Mark Carney’s appointment last Friday as chairman of the Financial Stability Board, the world’s top banking watchdog, is a central banker’s dream. Plus, he’ll have an old school friend from his Oxford days serving as second-in-command. Great gig, right? Well…
About the FSB: The Financial Stability Board is the updated version of the Basel, Switzerland-based Financial Stability Forum, which was created in 1999 by the G7 to improve information-sharing among finance ministers and central bankers in the aftermath of the Asian financial crisis. The FSB itself came to life ten years later, after the global financial crisis, when its membership was extended to all G20 members. It now includes representatives from more than 20 countries, a number of prominent international bodies, including the European Commission, and the world’s most important institutions in charge of setting international standards for the global financial market.
In part, the FSB helps design new regulations for banks and other financial institutions that aim to avoid another 2008-style meltdown. In part, as Carney put it in a CBC interview, the institution’s job will be that of “policeman” in charge of ensuring that countries follow the rules.
The nasty fine print: The FSB’s chairmanship is surely enormously prestigious, and it will serve Carney well as a megaphone. Still, if the institution is supposed to be the top cop of global finance, it’s like Dirty Harry armed with a billy stick. The tough guy attitude is there, but not the firepower.
For now, in fact, the most the FSB can do to punish a country that does not follow the new rules is resort to the so-called naming and shaming. It doesn’t help that, in order to assess compliance with international standards, the institution relies on peer reviews approved by consensus. In practice, it means any member country under review can simply veto criticism, according to Eric Helleiner, chair in international political economy at the Centre for International Governance Innovation and a professor in the department of political science at the University of Waterloo.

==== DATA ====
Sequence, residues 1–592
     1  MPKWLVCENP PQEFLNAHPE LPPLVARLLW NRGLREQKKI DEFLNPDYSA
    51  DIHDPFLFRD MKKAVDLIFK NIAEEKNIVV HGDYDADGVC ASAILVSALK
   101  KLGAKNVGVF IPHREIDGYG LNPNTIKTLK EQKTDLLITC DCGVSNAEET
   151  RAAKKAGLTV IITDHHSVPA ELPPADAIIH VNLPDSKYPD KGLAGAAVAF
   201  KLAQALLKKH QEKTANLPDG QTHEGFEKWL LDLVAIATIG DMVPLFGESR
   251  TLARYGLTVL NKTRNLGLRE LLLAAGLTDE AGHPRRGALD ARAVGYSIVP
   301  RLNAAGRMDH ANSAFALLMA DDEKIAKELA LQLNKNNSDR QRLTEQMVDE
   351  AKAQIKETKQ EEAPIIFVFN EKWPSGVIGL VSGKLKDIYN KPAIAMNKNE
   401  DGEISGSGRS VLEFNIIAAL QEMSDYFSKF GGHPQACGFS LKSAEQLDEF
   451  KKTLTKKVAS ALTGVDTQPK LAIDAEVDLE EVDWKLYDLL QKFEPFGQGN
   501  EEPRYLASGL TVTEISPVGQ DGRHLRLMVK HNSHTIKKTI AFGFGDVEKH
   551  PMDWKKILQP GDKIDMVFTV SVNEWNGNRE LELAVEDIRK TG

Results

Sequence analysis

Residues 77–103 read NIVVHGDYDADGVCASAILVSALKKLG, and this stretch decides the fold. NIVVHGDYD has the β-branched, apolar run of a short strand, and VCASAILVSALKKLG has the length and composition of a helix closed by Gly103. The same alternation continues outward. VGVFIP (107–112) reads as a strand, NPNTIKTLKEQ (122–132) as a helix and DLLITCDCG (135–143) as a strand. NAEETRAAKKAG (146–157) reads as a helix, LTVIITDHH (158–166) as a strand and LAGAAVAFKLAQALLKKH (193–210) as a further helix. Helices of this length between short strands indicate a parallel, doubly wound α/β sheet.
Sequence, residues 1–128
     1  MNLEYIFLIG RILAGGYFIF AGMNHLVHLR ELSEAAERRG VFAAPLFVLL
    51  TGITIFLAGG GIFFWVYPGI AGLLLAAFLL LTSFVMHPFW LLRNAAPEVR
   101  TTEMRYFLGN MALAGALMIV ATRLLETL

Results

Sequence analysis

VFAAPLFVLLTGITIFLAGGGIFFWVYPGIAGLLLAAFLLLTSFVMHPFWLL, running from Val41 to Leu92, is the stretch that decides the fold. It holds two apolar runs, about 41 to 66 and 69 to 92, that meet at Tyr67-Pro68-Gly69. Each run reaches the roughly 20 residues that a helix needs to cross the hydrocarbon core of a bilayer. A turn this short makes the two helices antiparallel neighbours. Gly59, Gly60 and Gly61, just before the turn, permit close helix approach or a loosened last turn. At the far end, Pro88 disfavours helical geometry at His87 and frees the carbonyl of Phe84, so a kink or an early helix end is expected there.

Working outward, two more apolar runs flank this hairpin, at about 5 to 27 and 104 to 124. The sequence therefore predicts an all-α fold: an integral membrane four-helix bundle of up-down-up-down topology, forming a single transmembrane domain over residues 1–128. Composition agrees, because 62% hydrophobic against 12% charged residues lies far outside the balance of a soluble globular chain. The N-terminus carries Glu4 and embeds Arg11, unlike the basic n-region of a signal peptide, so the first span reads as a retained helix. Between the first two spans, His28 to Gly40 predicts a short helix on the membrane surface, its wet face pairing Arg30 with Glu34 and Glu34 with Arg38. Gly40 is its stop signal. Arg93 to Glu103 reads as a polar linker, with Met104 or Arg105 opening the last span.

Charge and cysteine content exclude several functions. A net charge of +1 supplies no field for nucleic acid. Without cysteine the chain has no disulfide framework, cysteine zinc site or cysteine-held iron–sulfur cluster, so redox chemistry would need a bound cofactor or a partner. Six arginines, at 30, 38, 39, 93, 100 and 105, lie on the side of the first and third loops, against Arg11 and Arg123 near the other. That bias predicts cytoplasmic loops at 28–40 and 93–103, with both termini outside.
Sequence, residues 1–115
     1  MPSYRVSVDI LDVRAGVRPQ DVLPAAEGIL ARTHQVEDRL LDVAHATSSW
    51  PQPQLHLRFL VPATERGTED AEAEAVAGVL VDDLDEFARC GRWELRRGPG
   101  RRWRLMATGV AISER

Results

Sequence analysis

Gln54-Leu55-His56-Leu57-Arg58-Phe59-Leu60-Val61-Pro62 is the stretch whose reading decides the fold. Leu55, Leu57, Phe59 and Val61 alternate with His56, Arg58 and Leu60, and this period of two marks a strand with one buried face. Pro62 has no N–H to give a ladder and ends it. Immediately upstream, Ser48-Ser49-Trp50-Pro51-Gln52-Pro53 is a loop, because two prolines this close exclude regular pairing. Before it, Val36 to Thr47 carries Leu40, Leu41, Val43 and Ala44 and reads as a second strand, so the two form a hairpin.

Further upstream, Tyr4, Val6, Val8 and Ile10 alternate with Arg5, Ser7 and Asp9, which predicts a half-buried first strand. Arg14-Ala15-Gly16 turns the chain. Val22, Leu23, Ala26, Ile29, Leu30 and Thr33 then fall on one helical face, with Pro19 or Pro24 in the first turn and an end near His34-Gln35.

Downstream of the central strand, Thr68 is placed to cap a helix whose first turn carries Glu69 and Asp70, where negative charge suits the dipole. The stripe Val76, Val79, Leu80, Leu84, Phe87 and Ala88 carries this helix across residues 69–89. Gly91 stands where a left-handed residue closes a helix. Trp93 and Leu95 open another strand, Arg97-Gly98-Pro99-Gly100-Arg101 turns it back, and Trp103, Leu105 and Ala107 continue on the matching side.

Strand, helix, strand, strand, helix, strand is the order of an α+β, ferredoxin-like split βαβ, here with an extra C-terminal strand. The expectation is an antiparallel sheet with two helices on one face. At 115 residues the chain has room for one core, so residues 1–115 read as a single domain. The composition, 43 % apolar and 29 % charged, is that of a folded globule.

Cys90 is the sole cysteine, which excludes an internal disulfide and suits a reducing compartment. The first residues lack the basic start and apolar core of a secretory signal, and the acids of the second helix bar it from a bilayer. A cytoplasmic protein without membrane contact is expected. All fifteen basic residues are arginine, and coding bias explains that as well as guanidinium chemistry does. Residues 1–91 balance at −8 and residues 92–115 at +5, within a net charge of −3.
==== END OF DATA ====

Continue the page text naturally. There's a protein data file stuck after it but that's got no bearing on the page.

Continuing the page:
Another problem, says Helleiner, is that the FSB wants to uphold rules for everybody–but not everyone gets a say about those rules. Whereas the World Bank, the International Monetary Fund and the World Trade Organization have near universal membership, the FSB brings together just 24 countries.
The bright side: Things are looking up. So far, the FSB has been carrying on with only 20 employees, all borrowed from other organizations. At the latest meeting in Cannes, though, leaders of the G20 group of world economies promised to award it legal standing, meaning that the institution will finally get a budget of its own, and the power to hire permanent staff (and perhaps cough up a paycheque for the chairman, too).
And the FSB isn’t quite as powerless as it seems. When it comes to financial markets, explains Helleiner, the name and shame tactic tends to work better than in most other contexts. It’s not just as if Amnesty International wrote up some damning human rights report hoping to foist moral pressure on the dictators of the world (which sometimes works anyways). It’s more like Standard and Poor’s downgrading the creditworthiness of a country–the markets take notice.